For those of you who have never seen or read Revolutionary Road before, here's a brief primer: Frank and April Wheeler are a gorgeous, young couple living with their two children in the suburbs in the mid-1950s. They might never have married one another if April had not turned up pregnant with their first child, but now they're doing the best they can with what they have, which is... not much at all. Frank believes he's better than his office job, which he finds stifling and unfulfilling, and April wants to be something — anything — more than a wife and mother. The Wheelers hatch a plan to move to France, where April can support them on a clerical worker's salary while Frank finds his passion, but their relationship devolves quickly into explosive arguments every time something doesn't go according to plan.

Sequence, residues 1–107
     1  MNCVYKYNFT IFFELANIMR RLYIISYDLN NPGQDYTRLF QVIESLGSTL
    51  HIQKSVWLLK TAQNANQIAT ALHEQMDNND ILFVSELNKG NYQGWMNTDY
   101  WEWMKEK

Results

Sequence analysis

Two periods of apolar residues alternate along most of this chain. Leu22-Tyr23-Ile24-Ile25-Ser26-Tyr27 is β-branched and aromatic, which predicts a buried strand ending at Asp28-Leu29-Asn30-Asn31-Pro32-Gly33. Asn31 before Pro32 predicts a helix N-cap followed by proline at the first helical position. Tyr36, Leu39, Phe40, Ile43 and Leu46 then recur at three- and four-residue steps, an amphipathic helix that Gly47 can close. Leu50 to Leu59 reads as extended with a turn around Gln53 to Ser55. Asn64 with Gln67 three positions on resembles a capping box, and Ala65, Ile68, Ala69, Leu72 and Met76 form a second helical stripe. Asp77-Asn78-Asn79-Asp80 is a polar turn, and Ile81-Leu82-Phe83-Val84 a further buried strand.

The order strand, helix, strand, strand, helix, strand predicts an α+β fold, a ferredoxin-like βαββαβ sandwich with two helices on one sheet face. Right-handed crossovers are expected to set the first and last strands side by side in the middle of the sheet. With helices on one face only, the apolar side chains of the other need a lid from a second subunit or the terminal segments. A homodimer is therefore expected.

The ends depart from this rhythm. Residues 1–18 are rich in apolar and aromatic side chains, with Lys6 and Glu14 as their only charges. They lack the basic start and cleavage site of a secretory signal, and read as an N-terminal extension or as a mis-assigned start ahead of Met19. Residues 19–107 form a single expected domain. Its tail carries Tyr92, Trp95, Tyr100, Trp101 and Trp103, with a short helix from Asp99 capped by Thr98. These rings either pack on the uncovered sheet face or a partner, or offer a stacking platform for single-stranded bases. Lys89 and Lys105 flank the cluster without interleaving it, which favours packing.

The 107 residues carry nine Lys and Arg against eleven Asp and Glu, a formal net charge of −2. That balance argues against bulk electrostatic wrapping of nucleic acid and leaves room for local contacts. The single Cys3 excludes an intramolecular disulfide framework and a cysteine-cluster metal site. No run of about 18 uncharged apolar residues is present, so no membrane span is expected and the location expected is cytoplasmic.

Frank and April are passionate, volatile people who don't quite fit into the mid-century model of an American family. April doesn't want more children, and there's evidence to suggest that neither of the adult Wheelers really, truly wanted the two kids they have. Living 10 years before oral contraceptives became legal for married couples in the U.S., and unable to find their way to an amicable divorce, Frank and April attempt to tough it out, even though their relationship is frequently abusive — physically, verbally, and emotionally.
Frank and April have their first fight early in the novel, just after she takes part in a failed performance with a local amateur theatre troupe. Frank takes offense at April's sour attitude on the car ride home, and she eventually leaps out of the vehicle and runs away to avoid the fight. Yates describes their argument: